The number of Americans filing new claims for jobless benefits rose less than expected last week and the four-week moving average of claims hit its lowest level since 2000, suggesting an abrupt slowdown in job growth in March could be temporary.
Initial claims for state unemployment benefits increased 14,000 to a seasonally adjusted 281,000 for the week ended April 4, the Labor Department said on Thursday.
Claims for the prior week were revised to show 1,000 fewer applications received than previously reported.
Economists polled by Reuters had forecast claims rising to 285,000 last week.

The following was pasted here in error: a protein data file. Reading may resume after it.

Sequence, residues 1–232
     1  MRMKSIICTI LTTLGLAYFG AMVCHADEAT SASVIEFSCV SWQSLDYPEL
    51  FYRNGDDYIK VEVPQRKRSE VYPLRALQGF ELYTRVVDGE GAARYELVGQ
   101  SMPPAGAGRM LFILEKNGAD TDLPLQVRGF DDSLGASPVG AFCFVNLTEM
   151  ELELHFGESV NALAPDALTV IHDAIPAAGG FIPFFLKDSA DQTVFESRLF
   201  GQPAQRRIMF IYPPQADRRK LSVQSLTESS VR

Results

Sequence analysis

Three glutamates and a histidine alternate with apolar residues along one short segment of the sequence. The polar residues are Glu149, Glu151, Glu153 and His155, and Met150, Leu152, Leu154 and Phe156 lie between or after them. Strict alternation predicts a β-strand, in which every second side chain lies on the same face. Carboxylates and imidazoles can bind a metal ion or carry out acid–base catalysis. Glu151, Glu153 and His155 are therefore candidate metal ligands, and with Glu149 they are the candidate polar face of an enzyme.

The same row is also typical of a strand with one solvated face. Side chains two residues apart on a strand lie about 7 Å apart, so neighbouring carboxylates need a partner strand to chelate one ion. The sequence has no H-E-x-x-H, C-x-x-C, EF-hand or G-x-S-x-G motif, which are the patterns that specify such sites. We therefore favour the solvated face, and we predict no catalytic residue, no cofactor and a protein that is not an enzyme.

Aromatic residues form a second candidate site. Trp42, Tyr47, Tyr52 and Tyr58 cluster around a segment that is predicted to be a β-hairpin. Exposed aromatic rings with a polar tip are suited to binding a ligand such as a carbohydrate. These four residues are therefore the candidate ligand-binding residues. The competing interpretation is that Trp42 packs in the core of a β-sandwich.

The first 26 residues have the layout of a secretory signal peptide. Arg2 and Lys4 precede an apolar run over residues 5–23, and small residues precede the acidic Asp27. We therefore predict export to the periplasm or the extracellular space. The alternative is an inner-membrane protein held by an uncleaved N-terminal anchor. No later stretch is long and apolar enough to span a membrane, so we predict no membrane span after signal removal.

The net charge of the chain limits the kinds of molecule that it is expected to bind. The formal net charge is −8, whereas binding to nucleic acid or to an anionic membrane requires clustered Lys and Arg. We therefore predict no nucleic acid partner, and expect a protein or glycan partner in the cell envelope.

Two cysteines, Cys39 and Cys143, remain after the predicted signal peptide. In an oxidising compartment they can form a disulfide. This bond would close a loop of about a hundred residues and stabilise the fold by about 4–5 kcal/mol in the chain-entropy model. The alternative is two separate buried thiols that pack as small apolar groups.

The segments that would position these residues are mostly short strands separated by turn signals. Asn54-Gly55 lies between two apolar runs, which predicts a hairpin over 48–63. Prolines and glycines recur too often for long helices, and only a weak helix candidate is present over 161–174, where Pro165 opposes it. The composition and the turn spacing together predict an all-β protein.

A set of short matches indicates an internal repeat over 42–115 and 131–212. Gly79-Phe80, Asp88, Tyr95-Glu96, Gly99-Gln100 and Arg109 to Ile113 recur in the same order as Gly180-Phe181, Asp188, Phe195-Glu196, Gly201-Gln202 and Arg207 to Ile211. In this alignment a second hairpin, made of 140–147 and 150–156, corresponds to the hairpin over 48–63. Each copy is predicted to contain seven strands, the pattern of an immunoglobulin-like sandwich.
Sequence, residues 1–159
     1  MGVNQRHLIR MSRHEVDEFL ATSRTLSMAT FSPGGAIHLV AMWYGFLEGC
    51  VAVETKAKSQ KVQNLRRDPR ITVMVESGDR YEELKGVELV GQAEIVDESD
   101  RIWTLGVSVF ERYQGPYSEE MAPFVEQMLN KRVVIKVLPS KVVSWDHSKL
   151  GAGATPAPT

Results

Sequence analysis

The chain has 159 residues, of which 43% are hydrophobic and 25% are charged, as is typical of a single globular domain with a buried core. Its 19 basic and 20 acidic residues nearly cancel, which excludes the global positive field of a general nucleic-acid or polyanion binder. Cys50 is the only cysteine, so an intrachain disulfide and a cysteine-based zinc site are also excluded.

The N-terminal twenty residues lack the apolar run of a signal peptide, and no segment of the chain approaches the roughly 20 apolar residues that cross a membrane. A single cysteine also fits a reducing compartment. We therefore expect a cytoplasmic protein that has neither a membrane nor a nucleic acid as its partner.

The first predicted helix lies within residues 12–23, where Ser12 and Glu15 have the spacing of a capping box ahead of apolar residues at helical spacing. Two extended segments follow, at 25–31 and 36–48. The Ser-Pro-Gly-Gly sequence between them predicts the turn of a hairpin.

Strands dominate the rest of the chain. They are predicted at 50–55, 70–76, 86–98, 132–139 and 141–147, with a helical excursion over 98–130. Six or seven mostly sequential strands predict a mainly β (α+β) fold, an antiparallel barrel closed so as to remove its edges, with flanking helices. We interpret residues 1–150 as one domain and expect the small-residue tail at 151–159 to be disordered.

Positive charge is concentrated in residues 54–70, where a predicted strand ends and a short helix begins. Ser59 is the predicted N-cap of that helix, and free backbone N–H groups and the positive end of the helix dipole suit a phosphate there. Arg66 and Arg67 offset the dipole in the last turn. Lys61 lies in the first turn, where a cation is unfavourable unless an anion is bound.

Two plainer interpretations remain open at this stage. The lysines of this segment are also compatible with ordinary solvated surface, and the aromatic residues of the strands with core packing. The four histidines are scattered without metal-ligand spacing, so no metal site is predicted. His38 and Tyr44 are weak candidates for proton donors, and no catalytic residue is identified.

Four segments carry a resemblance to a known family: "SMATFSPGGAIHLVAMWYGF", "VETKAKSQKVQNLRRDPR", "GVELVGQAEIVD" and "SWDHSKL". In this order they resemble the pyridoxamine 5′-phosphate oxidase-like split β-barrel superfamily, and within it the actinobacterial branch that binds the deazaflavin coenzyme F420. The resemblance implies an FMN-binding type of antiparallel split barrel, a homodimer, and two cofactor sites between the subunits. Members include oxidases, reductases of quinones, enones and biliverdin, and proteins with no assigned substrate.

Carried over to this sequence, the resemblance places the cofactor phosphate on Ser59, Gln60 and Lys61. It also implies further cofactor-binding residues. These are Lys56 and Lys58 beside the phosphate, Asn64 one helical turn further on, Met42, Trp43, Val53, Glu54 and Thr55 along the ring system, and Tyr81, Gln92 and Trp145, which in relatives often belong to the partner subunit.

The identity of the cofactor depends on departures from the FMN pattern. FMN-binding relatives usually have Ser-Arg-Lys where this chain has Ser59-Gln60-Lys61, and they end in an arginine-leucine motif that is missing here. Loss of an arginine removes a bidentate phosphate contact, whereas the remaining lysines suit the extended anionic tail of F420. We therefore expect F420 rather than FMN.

U.S. stock index futures trimmed losses and prices for U.S. government debt dipped after the data. The dollar rose against a basket of currencies. A Labor Department analyst said there was nothing unusual in the state-level data. Claims tend to be volatile around Easter because of the shifting nature of the holidays.
The four-week moving average of claims, considered a better measure of labor market trends as it irons out week-to-week volatility, fell 3,000 to 282,250 last week, the lowest level since June 2000. Claims below 300,000 are associated with a strengthening labor market.
Job growth slowed sharply in March, with nonfarm payrolls increasing by only 126,000, ending a 12-month stretch of employment gains above 200,000. But with the weakness mostly concentrated in the weather-sensitive leisure and construction sectors, economists downplayed the slowdown.
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